Jane Evans Bonacci – The Heritage Cook © 2010
Inspired by recipes from David Lebovitz and Emily Lucchetti
Yield: about 1 quart
8 large egg yolks
3/4 cup granulated sugar, divided
1/4 tsp kosher salt
2 cups whole milk
2-1/2 cups heavy cream
1 tsp grated fresh ginger
1/2 tsp ground cinnamon
1/2 tsp ground nutmeg
1/4 tsp ground cloves
1 (15 oz) can pure pumpkin puree (not pumpkin pie filling mix)
1/2 tsp pure vanilla extract
In a large bowl, combine about 3 cups of ice cubes with 2 cups water. Nestle a metal bowl in the middle (big enough to hold the ice cream custard) and place a strainer over the top of it. You will use this to cool the custard after cooking it. Set aside.
Place the egg yolks in a large mixing bowl. Stir in 1/4 cup of the sugar and the 1/4 tsp salt. Whisk until smooth. Set aside.
In a large heavy-bottomed saucepan, combine the milk, cream, and remaining 1/2 cup sugar. Add the ginger, cinnamon, nutmeg, and cloves. Whisk until smooth and the sugar is dissolved. Heat over medium-high heat, stirring constantly, until steaming and bubbles start to form at the edge of the pan. Do not boil.
Gradually whisk about half of the hot cream into the eggs and sugar mixture stirring constantly so that the eggs don’t scramble. Whisk this back into the saucepan with the remaining hot cream. Reduce the heat to medium-low and cook, stirring constantly with a heatproof spatula (make sure it has a flat end so you can really scrape the bottom of the pan) until it is thick enough to coat the spatula. You should be able to run your finger down the center of the spatula and have the line hold without the custard running back together. An instant-read thermometer will register about 160°F to 170°F.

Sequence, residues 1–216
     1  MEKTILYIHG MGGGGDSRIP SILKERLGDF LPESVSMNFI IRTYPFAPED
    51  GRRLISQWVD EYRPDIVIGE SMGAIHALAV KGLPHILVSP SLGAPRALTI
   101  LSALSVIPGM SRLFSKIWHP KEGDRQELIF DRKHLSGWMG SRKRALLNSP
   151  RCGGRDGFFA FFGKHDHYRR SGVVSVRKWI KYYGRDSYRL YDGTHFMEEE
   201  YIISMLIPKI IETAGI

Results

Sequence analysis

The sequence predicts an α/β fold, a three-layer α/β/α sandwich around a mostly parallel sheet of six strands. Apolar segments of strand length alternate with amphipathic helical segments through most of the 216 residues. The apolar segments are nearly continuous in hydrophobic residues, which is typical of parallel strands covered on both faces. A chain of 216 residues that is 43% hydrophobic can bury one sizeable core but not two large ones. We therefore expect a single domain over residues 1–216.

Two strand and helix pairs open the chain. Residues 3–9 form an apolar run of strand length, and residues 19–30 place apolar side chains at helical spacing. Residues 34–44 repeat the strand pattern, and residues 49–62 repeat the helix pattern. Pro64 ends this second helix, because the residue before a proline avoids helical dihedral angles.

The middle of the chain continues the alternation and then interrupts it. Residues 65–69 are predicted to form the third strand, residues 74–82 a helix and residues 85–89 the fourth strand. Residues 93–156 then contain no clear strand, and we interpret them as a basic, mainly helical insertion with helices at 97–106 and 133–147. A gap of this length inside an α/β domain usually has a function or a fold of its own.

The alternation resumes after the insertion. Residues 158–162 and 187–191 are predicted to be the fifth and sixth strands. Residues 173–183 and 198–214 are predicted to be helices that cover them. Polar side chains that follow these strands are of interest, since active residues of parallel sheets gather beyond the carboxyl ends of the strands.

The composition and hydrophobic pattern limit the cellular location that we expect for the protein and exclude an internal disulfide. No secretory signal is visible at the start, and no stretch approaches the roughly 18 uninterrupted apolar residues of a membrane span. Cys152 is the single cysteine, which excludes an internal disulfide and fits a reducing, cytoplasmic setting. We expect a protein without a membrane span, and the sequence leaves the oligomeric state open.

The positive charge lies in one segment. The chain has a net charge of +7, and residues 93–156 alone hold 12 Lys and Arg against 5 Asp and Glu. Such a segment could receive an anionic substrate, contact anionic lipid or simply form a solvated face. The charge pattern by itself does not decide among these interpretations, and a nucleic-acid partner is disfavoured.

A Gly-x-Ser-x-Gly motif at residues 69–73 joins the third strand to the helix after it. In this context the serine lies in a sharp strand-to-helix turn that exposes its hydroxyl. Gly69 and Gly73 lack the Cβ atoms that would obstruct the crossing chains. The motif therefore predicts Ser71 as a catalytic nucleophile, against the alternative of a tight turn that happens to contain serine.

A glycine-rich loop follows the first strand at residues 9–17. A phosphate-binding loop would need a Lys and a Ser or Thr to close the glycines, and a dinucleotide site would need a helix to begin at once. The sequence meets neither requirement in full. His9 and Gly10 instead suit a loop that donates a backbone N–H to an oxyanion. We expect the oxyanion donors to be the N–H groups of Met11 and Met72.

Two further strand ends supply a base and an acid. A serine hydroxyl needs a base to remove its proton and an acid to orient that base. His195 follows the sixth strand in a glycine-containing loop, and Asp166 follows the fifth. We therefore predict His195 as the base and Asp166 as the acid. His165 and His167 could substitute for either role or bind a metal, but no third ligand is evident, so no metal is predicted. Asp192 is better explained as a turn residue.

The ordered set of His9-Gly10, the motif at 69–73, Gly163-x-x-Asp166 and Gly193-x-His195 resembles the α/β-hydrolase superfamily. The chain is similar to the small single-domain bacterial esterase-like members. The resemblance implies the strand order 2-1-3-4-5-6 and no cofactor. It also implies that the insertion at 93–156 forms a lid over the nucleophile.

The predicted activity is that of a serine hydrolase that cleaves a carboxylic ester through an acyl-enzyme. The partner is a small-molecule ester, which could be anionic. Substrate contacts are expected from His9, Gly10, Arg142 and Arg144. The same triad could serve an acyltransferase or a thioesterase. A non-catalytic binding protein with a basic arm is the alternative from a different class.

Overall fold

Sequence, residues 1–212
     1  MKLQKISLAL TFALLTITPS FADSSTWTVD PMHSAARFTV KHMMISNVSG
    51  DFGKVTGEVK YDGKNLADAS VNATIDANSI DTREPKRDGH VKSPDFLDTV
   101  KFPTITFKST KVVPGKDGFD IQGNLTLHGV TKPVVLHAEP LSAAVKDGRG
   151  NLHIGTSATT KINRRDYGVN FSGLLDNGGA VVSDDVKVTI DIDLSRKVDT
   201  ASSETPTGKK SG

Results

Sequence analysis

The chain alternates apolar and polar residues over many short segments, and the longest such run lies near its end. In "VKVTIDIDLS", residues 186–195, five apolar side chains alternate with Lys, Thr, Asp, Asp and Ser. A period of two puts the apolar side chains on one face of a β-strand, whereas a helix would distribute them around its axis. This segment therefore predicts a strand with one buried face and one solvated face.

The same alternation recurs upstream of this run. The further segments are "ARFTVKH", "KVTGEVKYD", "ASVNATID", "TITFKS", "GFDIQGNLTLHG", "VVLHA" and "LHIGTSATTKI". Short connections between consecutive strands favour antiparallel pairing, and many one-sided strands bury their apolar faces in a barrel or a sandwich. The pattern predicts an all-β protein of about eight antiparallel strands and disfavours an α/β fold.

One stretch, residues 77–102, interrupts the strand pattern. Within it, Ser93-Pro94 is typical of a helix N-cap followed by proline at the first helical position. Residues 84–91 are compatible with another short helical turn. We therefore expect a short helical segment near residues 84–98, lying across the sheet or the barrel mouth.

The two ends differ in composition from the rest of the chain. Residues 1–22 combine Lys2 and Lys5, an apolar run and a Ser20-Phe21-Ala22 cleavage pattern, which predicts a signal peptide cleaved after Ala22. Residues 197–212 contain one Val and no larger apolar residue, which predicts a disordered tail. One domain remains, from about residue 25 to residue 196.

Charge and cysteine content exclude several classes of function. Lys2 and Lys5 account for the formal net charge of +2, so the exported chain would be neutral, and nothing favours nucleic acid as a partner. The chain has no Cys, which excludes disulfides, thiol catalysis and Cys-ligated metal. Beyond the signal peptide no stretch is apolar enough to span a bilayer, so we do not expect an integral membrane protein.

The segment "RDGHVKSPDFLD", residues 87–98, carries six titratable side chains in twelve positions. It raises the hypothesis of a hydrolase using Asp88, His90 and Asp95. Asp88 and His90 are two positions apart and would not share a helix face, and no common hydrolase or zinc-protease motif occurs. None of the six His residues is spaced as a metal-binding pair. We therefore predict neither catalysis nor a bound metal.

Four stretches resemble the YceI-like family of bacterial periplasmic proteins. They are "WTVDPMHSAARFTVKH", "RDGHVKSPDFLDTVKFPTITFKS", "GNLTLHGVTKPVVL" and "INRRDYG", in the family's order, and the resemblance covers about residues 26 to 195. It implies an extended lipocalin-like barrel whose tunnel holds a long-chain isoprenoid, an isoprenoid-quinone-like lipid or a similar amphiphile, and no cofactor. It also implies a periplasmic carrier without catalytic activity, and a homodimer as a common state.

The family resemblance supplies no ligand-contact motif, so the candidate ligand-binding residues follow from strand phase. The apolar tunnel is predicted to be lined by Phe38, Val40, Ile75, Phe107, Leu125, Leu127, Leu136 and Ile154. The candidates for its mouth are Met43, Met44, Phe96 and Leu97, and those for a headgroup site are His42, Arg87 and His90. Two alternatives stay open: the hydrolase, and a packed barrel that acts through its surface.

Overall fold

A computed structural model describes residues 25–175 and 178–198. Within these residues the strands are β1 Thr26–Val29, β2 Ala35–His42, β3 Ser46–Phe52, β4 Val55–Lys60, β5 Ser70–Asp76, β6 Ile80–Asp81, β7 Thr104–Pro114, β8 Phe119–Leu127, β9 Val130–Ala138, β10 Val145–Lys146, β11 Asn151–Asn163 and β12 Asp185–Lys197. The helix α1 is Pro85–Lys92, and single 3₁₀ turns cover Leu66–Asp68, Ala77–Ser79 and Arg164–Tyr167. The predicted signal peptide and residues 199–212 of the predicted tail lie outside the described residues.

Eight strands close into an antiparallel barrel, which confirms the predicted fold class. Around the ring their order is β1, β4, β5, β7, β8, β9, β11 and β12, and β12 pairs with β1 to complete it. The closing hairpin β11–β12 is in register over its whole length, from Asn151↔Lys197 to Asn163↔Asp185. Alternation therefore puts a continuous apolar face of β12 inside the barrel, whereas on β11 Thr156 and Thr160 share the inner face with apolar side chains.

Immediately pour this through the strainer into the metal bowl sitting in the ice bath you prepared earlier. Cool for 5 minutes and then whisk in the pumpkin puree. Continue to cool until it reaches room temperature, adding ice cubes as needed to keep the bath cold. When cool, whisk in vanilla and pour into a sealable container. Refrigerate thoroughly, at least several hours and preferably overnight.
Press the mixture through a very fine-mesh strainer (this helps smooth out the consistency of the pumpkin puree), and then freeze according to the manufacturer’s instructions for your ice cream maker. Transfer the ice cream to a container and freeze until ready to serve, at least an hour. The longer you freeze it, the firmer it will be. If you like soft-serve ice cream, you can serve it right away.